Mike’s Review: Halloween Kills (2021)

★★★★ out of ★★★★★
Directed by David Gordon Green.

As demonic crooner Ronnie James Dio once famously opined “…when you listen to fools, the mob rules.”  Maybe this prescient piece of advice was being plied to the January 6 insurrection, maybe it was being plied to Halloween Kills, but just maybe Dio’s magical ways were sorting out many future truths. 

No matter your thoughts on Halloween Kills, at its core, this is a revenge film.  And in case you haven’t heard, it’s not Michael Myers seeking some other-worldly revenge on the Strode family, it’s the upright citizens of Haddonfield who are mad as hell and they’re not going to take it anymore. 

ATMOSfx! Woo!

Director David Gordon Green uses a somewhat clever throwback device that explains both what happened on that fateful night in 1978, while at the same time explaining Laurie Strode’s (Jamie Lee Curtis) connection to Officer Hawkins (Will Patton) and the entire interconnected socio-political structure of Haddonfield that lay at the feet of the kids and teens who originally felt Michael’s evil. 

In much the same way that Star Wars: Episode VII – The Force Awakens was a Star Wars greatest hits film, Halloween Kills serves in that same role. The plot is a rather thin connective tissue between 2018’s Halloween, and 2022’s forthcoming finale. Instead of Chewbaccas and R2D2s David Gordon Green gives us Tommy Doyle (Anthony Michael Hall), Officer Brackett (Charles Cyphers), and Tommy’s next door neighbor Lindsey (Kyle Richards). If you really pay close attention there’s even a PJ Soles sighting. For those that have enjoyed roiling in the Halloween universe these well-placed characters will surely bring a smile to their defective brains. 

The scares in Halloween are rather unique for a big budget Hollywood release because they are founded in horrible and brutal violence. You don’t get the fear and dread from demonic ennui of the Exorcist, or the oft-repeated look right-look left jump scare trope throughout the Conjuring films. What the audience is treated to is extreme violence. On the same scale as Maniac or Henry Portrait of a Serial Killer, Michael Myers is RE-lentless, constant, and historic.  By some counts, Michael Myers slashes his way through upwards of 30 — yes, you’re reading that right — 30 people.  Setting a far higher kill count that anything Freddy, Jason, or Leatherface has conjured up in the modern era.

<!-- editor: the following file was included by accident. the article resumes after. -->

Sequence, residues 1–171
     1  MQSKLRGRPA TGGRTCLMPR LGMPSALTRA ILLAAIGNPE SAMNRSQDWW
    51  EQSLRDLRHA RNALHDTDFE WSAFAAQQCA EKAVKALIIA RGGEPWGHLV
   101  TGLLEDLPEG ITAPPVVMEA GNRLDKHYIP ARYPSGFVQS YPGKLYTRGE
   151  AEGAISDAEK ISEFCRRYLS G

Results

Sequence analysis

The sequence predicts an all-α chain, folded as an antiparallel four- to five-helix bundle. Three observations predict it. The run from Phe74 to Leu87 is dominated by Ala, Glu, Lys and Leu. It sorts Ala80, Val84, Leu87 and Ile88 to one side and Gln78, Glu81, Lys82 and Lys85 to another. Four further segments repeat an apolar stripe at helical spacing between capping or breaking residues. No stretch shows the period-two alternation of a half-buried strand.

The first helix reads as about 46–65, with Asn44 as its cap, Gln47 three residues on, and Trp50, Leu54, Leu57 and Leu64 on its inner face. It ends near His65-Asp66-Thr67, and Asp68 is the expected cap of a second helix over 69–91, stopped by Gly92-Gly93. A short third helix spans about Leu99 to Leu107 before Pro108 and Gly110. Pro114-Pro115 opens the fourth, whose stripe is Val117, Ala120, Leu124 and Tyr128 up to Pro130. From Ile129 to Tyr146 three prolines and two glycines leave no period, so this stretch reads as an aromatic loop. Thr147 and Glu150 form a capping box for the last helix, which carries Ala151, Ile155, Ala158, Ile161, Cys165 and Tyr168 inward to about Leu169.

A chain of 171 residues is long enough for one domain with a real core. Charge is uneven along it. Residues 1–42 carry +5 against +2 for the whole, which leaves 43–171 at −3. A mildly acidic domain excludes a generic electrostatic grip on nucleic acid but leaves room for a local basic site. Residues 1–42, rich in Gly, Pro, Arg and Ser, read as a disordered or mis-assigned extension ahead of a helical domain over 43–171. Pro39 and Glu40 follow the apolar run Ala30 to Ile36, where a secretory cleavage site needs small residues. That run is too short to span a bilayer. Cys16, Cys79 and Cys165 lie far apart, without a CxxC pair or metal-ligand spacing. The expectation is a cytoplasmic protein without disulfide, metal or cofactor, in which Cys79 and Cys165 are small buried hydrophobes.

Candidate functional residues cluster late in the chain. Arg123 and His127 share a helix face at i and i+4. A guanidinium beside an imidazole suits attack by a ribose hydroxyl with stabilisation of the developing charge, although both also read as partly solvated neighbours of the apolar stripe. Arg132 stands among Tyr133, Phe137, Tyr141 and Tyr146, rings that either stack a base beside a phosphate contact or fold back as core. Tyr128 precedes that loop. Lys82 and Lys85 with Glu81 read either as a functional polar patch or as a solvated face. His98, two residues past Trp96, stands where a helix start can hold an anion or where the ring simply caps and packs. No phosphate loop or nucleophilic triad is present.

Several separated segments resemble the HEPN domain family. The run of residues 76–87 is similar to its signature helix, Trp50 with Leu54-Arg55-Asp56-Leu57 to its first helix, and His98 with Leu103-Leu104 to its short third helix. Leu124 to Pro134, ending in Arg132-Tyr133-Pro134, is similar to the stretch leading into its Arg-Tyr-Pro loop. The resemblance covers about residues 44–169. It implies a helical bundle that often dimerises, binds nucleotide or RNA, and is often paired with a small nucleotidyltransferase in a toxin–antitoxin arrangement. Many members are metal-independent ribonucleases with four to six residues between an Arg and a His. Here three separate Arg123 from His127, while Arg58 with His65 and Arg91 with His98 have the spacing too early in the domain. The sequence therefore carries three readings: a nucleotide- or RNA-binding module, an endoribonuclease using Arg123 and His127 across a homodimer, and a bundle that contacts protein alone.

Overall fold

The doom, dread, and frights brought to the screen by this killfest are impressive, but unfortunately, this splatter-fest is undone by a clumsy and unnecessarily complicated script. By effectively creating a Haddonfield High School reunion David Gordon Green is forced to follow too many stories with too little connection to the overarching Michael Myers mythos. While it’s fun to know what became of Lindsey it’s also a meaningless addition that doesn’t entirely advance this story. 

The most interesting element of the story is the prescient allegory to mob mentality and how quickly society can come careening off the rails. A push here and a stab there and the town’s collective ire is up. For 43-ish years Haddonfield has been pushed around by the boogie man and they’re out for blood. The fear, anxiety, and misplaced pressures of the boogie man produce a fascinating response not unlike the pitchforks (…and there are pitchforks) and torches of 1931’s Frankenstein. Difference being Frankenstein is entirely sympathetic, whereas Michael Myers is evil wrapped in evil with a side of evil. 

If you’re looking for logical character moves, thoughtful approaches to community involvement, and strategic thinking in combatting serial killers, then look elsewhere. Much like Halloween Kills is a greatest hits film, it’s also film packed with every single clumsy and ill timed victim trope out there. 

Halloween Kills is stupid decision making on display.  While this may be its curse, it’s also its gift. If 120+ years of horror films have tough us anything, it’s clear that the angry mob doesn’t care about your feelings, they’re not going to take part in rational decision making, but they are going to K-l-L-L. 

Halloween Kills is Rated R — a very hard R.

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